UCI president David Lappartient has denied any link between the governing body’s decision to clear Chris Froome (Team Sky) when it did and ASO’s attempt at preventing the defending champion from riding the Tour de France.
Lappartient had previously stated that it was unlikely that the Froome case would be resolved ahead of the Tour, and that the UCI themselves could not do anything to prevent him from racing. However, it emerged over the weekend that the Tour de France organiser was seeking to stop Froome from riding, utilising their own regulations. A day later, confirmation came from the UCI that Froome’s salbutamol case had been dropped.
“I know that this can be the feeling of many fans and stakeholders of cycling because we had a statement and the day after we have another statement. But, in fact, there is no link between these two facts,” Lappartient said in a video posted on the UCI’s YouTube channel. “We were informed at the UCI by ASO that they have decided to apply article 29 of their regulation and refuse Mr Christopher Froome from their race, but due to the fact that we received a statement from WADA on the 28th we were able to make a decision before the Tour de France but there is no link between the two facts.”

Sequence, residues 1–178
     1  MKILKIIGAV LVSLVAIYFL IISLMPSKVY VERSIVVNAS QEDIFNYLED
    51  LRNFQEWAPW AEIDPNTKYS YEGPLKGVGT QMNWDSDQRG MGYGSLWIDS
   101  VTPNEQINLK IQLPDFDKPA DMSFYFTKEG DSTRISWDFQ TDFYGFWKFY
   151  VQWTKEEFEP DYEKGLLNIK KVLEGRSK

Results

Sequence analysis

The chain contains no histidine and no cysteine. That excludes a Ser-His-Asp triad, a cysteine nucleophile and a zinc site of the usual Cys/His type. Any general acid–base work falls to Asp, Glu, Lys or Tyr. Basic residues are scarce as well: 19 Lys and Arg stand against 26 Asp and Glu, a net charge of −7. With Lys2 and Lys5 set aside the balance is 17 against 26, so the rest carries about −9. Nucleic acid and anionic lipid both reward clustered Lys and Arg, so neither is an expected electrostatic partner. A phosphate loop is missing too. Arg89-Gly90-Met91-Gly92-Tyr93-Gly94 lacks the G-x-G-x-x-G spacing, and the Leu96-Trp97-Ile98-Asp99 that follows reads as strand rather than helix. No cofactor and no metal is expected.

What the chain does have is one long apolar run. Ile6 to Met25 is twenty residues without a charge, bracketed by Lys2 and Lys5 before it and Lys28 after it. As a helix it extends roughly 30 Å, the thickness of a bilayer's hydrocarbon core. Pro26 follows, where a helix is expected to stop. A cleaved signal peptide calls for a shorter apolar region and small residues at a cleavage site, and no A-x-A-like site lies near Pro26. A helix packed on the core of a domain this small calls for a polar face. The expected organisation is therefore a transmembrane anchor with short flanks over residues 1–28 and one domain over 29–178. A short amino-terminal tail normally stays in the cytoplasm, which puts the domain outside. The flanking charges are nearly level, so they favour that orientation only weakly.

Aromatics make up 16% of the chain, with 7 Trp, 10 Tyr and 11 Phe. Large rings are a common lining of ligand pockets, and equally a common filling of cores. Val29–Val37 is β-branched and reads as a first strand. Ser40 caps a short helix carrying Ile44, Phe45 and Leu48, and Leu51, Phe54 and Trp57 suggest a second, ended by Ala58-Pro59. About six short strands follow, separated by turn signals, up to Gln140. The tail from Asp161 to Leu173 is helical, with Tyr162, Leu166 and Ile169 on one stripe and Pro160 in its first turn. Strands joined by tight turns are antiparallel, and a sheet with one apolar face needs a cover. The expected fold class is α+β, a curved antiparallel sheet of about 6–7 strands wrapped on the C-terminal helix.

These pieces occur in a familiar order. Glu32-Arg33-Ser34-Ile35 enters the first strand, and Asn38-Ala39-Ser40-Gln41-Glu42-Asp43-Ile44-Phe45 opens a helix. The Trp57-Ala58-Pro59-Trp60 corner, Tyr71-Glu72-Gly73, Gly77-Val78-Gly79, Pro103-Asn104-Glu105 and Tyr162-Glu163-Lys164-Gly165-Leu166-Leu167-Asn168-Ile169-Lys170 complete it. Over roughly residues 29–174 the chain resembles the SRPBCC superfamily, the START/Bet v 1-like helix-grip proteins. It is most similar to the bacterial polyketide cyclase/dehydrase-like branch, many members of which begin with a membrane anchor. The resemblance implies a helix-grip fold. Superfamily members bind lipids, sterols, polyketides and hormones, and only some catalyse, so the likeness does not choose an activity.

The case against Froome has been rumbling on since September after an anti-doping test taken in the final week of the Vuelta a Espana recorded twice the permitted levels of salbutamol. Froome was notified of the findings during the World Championships later that month, though it only became public knowledge in December. Lappartient had previously expressed his desire to have the matter resolved prior to the Giro d’Italia but later said that the decision could come after the summer.
Froome was allowed to race during this time, as salbutamol is a specified substance, but it meant that there would be an asterisk next to his results until the case reached its conclusion. Lappartient said that he understood people’s frustration with the length of the case but said that it was important to ensure the rights of the rider were protected.
“I can understand that for many people it was very long to wait but we have to respect the rights of Mr Froome to defend his own case and to prove that he’s not guilty,” he said. “The case was also very complicated and many explanations were transmitted to the UCI and we have also to bring many experts into this to see the files that were transmitted to the UCI.
“It is true that I always said that we were more in a calendar with a decision after the summer [sic]. Two things. We received the documents, the final explanation from Mr Froome on June 4 and in line with this we received the statement from WADA on the June 28. So, we had all the elements to close the case and in between June 28 and July 3, it was a short period of time for the UCI to conclude and follow the statement from WADA. It also showed that the UCI wanted to close the case as soon as possible after the decision from the stakeholders and WADA.
“An international federation such as the UCI has to follow the World Anti-Doping Agency. They are the experts on this and their experts finally decided that this case was not an anti-doping rule violation so we had to follow the decision from the WADA.”